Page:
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|Groups: Education Funding Problems Violate Civil Rights
|A dozen families and two other Urban Leagues have joined the Chicago Urban League in a lawsuit that claims the state's lack of education funding violates civil rights laws.
Cheryle Jackson, president of the Chicago Urban League, said dozens of Latino community groups have also joined the suit.
The lawsuit, filed against the State of Illinois and the Illinois State Board of Education, seeks a court order declaring the current system of funding education in Illinois is unconstitutional and a violation of the Illinois Civil Rights Act of 2003.
Laraine Bryson, president of the Tri-County Urban League of Peoria, says her group joined the suit because of a lack of adequate funding. "The children across the state are entitled to a quality education that focuses on excellence," Bryson said. "Adequate funding that is equitable across all districts is required to make this a reality for all children regardless of race."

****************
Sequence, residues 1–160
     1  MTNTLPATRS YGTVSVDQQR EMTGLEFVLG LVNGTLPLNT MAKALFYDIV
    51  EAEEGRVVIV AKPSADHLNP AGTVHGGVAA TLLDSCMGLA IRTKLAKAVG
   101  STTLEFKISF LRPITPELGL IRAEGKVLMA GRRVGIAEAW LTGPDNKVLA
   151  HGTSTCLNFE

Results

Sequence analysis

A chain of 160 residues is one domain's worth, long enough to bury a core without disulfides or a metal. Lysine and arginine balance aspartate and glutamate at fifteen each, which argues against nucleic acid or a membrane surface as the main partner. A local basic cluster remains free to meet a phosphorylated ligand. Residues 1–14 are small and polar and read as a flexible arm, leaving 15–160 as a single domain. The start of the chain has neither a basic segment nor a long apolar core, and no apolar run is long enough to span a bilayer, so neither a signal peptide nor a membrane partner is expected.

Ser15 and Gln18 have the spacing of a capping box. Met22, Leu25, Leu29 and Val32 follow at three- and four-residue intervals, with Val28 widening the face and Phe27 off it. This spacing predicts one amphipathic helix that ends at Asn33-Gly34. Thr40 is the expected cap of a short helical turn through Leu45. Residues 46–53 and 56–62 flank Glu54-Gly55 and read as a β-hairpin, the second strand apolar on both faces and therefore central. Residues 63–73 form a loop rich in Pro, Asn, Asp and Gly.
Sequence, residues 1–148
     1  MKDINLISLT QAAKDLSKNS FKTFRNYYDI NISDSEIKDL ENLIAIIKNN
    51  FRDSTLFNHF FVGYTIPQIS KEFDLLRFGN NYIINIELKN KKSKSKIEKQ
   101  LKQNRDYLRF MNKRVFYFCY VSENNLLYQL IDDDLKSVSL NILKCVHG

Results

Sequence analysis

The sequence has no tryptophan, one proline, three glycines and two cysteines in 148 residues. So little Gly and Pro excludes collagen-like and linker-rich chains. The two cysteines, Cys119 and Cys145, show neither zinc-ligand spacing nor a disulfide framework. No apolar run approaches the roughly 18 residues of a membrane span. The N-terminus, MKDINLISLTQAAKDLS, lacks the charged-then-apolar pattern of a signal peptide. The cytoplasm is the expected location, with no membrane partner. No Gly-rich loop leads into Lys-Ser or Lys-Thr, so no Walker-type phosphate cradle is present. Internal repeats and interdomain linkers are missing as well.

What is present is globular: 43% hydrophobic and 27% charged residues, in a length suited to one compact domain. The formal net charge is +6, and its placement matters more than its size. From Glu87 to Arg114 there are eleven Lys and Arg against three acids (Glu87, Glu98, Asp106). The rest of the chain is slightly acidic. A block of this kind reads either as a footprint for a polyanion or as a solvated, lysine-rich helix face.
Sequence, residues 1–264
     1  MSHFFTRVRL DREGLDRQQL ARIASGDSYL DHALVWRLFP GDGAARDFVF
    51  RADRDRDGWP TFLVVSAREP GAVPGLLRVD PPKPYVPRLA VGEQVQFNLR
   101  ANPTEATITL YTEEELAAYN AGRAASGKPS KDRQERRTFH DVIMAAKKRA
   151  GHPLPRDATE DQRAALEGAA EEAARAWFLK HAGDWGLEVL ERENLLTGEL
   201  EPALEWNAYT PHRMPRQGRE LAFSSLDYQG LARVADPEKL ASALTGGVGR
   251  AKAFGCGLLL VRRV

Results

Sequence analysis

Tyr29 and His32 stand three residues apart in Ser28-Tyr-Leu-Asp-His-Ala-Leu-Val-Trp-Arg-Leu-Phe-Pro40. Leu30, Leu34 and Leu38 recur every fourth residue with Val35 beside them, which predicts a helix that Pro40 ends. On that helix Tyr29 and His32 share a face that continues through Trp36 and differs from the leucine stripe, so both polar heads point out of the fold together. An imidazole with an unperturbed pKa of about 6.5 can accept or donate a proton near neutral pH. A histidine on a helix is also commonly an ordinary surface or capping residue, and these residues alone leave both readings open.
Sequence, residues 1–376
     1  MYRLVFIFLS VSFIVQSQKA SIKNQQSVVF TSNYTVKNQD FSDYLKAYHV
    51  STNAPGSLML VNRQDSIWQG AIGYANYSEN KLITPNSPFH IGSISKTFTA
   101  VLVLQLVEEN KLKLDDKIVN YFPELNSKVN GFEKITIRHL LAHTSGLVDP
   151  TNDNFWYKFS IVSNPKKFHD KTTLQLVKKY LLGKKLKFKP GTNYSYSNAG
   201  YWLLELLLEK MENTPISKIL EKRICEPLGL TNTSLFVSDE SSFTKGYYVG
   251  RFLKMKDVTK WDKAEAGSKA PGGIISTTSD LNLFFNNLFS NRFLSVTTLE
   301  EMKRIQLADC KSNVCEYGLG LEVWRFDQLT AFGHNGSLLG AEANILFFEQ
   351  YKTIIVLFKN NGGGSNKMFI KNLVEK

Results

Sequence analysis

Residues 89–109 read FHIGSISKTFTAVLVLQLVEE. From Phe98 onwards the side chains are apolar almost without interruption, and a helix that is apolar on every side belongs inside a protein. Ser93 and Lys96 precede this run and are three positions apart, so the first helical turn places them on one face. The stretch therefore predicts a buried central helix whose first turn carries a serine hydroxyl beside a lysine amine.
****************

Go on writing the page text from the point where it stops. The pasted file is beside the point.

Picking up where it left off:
The Tri-County Urban League represents Peoria, Tazewell and Woodford counties.
In the past months a handful of lawmakers and state officials have talked about changing the current funding system, including State Sen. James Meeks (D-Chicago) and Lt. Gov. Pat Quinn. Both believe using property taxes to fund education hurts those who live in poorer communities. Quinn and Meeks both back a plan to fund education with income tax.
Illinois is 49th in the nation when it comes to state funds supporting education, with the bulk of education funding coming from local sources.
(Source: Illinois Radio Network)
|10 17 08 by Newsroom
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